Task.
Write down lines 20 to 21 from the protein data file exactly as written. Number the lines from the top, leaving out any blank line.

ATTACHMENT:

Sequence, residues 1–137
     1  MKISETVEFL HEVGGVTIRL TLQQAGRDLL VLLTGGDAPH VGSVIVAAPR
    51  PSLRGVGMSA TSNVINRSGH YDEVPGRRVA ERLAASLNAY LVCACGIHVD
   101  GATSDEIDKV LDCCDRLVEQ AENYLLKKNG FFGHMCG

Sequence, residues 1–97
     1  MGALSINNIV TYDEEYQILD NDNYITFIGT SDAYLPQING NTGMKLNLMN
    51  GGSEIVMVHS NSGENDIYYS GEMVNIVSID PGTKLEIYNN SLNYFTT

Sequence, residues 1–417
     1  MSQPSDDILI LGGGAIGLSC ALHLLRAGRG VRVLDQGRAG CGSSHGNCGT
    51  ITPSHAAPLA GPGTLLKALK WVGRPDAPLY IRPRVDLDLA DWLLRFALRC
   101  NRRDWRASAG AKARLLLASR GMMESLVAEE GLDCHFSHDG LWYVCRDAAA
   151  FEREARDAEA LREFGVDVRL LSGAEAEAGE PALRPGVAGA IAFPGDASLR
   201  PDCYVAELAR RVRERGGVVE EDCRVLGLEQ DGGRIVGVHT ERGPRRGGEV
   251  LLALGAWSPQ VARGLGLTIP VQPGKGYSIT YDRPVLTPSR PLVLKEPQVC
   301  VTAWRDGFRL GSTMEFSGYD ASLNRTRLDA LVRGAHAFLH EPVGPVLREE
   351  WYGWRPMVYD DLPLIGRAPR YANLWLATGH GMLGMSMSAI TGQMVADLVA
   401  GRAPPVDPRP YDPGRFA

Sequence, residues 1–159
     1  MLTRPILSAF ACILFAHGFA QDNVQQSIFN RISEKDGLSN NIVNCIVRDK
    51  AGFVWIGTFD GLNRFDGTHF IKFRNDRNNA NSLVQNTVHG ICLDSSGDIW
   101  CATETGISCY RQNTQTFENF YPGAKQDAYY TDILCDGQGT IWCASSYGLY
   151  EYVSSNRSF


    51  AGFVWIGTFD GLNRFDGTHF IKFRNDRNNA NSLVQNTVHG ICLDSSGDIW
   101  CATETGISCY RQNTQTFENF YPGAKQDAYY TDILCDGQGT IWCASSYGLY